PUC Consumer Hotline: 651/296-0406
I have an internet tower in the field behind my house, uses my tree farm road to access and
maintenance the tower but refuse to extend to my house. A mile up the road and down have
Hi all – My name is Joe Buttweiler, Director of Business Development at CTC. I’m currently at the
ice arena listening in while my son is at hockey tryouts. My phone number is: 218-454-1275 and
my email is For those who I do not know on this call (and those I do!) please
feel free to reach out anytime with questions about broadband in Region 5, the various
programs available and so forth.
Q. What happens if your provider isn’t interested?
There is a Spectrum node 2 blocks away from our street in Baxter, but they refused to extend to
us. Century Link said no plan to upgrade to fiber for us either. We have slow DSL that drops
we have no internet at my location with no internet. have to use hotspot. unlimited Verizon is
Charter Spectrum has participated in the State grant program. If you have a
neighborhood group interested in service, start a petition and have everyone sign with
name and address and our office can help you get that delivered to the right person at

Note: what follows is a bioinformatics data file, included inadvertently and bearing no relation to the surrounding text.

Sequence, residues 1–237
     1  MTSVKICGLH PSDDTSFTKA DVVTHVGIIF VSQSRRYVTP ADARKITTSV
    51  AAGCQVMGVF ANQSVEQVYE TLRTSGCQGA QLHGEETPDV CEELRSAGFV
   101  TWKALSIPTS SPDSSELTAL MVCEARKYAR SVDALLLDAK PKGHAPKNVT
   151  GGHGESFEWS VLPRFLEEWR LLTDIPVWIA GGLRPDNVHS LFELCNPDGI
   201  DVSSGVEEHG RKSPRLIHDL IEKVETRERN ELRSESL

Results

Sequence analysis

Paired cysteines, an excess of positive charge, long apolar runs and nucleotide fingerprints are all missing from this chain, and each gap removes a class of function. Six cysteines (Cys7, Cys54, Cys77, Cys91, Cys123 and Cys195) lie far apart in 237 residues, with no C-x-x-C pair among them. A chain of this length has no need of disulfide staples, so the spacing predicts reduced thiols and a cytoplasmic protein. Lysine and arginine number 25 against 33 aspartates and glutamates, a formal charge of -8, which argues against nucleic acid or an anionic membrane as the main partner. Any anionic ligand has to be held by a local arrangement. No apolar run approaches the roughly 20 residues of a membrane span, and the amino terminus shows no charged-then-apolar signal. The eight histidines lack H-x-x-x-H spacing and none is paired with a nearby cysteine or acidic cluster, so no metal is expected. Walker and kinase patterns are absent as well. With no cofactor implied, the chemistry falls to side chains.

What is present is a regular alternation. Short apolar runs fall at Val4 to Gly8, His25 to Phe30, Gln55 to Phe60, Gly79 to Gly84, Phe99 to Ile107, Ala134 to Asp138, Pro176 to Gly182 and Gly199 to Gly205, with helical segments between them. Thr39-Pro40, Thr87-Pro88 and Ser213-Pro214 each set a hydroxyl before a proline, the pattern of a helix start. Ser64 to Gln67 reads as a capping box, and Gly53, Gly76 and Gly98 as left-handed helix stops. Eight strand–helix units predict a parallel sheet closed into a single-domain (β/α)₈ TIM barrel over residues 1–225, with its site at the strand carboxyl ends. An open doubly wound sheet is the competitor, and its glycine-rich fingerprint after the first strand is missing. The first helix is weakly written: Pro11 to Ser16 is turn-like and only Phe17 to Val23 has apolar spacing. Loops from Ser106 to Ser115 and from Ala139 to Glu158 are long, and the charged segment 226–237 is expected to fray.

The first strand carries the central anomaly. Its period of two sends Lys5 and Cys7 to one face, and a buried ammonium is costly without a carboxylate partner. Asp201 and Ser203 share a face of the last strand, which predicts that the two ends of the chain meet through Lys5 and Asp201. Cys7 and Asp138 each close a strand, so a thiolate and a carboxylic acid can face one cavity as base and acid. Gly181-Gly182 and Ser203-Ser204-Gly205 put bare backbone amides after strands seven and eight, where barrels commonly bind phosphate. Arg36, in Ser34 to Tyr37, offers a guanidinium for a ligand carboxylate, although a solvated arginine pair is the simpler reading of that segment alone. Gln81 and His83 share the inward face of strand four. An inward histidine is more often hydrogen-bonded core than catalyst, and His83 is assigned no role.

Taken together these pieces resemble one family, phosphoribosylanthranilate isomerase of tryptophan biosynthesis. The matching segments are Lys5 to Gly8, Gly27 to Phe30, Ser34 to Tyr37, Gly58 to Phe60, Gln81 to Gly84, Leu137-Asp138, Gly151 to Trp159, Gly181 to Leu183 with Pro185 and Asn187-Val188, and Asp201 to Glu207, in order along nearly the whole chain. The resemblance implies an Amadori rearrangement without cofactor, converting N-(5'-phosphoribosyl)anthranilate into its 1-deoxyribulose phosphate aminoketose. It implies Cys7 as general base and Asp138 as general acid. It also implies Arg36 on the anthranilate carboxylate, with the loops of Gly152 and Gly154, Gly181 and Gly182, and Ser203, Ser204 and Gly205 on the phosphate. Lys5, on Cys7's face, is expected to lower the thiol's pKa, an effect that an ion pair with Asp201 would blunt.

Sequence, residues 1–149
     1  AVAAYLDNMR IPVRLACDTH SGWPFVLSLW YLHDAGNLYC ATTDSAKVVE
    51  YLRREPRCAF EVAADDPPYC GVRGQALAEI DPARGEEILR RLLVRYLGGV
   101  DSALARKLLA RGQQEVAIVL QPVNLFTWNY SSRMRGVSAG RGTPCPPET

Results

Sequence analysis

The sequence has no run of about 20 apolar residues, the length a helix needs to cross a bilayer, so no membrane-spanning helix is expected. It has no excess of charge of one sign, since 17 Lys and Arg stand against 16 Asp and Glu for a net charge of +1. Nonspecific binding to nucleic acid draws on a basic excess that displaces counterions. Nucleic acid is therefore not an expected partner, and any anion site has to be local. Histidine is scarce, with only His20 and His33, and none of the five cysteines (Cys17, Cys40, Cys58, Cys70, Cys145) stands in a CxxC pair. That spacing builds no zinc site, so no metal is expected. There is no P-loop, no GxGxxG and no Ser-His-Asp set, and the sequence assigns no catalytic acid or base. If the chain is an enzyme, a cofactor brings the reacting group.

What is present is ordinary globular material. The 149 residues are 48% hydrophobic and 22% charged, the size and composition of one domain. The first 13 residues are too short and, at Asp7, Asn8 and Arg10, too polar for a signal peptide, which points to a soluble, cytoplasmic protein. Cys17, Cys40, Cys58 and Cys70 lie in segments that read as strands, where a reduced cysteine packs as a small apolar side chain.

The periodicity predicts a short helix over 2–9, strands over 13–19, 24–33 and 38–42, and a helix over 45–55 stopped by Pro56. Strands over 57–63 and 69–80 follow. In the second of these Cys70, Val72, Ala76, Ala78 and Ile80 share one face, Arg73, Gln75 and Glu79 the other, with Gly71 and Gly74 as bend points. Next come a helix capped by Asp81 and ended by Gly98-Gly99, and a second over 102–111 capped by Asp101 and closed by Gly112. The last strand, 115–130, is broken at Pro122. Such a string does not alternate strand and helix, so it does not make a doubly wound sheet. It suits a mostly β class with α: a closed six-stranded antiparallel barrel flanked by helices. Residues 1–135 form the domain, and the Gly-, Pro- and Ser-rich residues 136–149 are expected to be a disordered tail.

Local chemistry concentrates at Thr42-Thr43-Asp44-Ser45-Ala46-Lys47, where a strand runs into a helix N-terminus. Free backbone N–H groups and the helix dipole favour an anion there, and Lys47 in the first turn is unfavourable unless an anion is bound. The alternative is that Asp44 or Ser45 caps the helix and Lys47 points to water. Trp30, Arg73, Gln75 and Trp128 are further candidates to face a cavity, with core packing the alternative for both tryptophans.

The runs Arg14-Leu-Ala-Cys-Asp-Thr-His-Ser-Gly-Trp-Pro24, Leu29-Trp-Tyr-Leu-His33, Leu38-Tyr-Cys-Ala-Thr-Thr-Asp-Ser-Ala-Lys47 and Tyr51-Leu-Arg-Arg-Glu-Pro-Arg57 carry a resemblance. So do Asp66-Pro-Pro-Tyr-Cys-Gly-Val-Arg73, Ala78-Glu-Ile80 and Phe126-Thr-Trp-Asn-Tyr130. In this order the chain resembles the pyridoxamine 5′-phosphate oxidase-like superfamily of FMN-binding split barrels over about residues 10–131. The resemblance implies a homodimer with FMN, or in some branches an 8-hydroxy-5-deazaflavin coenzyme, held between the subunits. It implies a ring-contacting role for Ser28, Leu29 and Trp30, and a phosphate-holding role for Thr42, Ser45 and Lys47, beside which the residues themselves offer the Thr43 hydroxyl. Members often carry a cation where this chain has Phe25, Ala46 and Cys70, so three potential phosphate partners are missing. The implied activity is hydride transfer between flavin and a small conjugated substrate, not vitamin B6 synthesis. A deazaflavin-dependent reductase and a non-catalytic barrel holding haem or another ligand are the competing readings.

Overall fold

Charter (if they make the most sense because they have the closest facilities). They can
study the costs to serve the area and if it doesn’t meet their business case, they could
apply for a state grant.
we tried that. we were told it is not cost effective for charter to expand for us.
Hi everyone, I wanted to provide my contact information for any additional questions. – Josh
Netland – – 218-763-3000
Deerwood Township is interested in using ARPA funds to expand Broadband in the Township.
How do we partner with providers to do that?
The map data from the DSL (copper) providers can differ from what you may have at home
because the speeds are greatly affected by the distance the service travels over that copper.
Check your address on or to get a more accurate speed available.
And contact our office at and we can correct the maps. The
maps are just a starting point and in the new federal funding are not the basis for funding as
they were with the FCC funding (CAF, RDOF). And they have always only been the starting point
for the state grant program funding.
Q. I have heard that it is very difficult to become EBB consumer. Any others hearing this as
A. I am not hearing of problems enrolling in EBB but if you do have issues, the MN PUC
Consumer Affairs Office has been providing assistance.
Question for our state legislators – As you stated, there are many issues and needs in our state –
HOUSING, Education and Health Care etc…my question…Isn’t Broadband essential to all the
other areas of the state budget?
Q. can providers use the same lines as electric coops?
A. Electric lines cannot effectively be used for broadband. Electric cooperatives do have
many fiber assets, poles, trucks, and customer service. They can be great partners.
Mille Lacs Energy is a great model.
A. Pole attachments can be an issue. Usually, a telecom provider has to pay the electric
company to use the poles.